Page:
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Title: Individual differences in frequency discrimination ability
Author: Langston, Paul William
ISNI:       0000 0001 2461 8209
Awarding Body: University of Surrey
Current Institution: University of Surrey
Date of Award: 1978
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This thesis is concerned with the application of basic theories about the way in which the ear perceives pitch to the understanding of individual differences in the ability to discriminate between tones differing only in frequency. Much of the evidence relating to modern theories of pitch perception is reviewed before frequency discrimination and its Measurement are considered in more detail. Experiments giving rise to the concept of the critical bandwidth, which is related to the frequency-selective properties of the ear, are considered as well as theoretical models which suggest that the critical band may be related to frequency discrimination ability. The possible relationship between individual differences in the critical band and in frequency discrimination is tested at two frequencies, 1 kHz and 5 kHz, in an experiment involving a group of ten subjects in all. At neither frequency is any evidence found of such a relationship. However there is strong evidence of a relationship between frequency discrimination at 5 kHz and the frequency resolving ability of individual ears, when the frequency resolving ability is considered to be represented by the ability to detect a narrow band of noise symmetrically masked by two tones within the critical band. The results are consistent with a great deal of other experimental work on frequency discrimination which indicates that timing information in the auditory system plays a greater role in frequency discrimination at lower frequencies.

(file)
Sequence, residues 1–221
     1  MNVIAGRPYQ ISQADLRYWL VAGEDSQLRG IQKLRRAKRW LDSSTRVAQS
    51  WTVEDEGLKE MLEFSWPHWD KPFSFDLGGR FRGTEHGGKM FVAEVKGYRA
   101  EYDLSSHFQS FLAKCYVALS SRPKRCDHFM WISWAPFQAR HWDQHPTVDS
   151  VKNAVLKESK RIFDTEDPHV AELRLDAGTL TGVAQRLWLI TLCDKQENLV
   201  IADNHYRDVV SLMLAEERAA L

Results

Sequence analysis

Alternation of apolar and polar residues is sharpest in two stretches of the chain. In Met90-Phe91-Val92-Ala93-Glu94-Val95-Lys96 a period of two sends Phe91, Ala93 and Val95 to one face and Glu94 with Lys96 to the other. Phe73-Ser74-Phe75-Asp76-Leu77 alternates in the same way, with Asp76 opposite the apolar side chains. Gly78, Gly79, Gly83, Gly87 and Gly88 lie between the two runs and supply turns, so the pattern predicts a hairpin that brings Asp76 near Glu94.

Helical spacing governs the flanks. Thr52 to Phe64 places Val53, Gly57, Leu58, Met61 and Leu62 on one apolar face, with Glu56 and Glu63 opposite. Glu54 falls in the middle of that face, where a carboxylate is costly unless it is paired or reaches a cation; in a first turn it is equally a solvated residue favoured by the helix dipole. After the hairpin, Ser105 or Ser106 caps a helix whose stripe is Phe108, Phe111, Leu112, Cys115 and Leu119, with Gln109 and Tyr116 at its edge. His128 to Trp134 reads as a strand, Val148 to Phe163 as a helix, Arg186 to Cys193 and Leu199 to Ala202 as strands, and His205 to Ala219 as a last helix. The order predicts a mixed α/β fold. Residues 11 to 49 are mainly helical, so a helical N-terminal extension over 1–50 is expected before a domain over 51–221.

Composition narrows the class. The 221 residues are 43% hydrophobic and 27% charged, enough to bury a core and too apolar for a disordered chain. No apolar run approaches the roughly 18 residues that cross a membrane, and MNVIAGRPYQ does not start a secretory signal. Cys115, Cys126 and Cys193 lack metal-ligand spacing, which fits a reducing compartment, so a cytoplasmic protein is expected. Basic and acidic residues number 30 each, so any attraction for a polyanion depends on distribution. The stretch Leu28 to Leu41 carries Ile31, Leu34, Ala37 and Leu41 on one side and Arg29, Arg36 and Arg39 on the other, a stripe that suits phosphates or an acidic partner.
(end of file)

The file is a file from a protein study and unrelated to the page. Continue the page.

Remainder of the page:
Supervisor: Not available Sponsor: Not available
Qualification Name: Thesis (Ph.D.) Qualification Level: Doctoral
EThOS ID:  DOI: Not available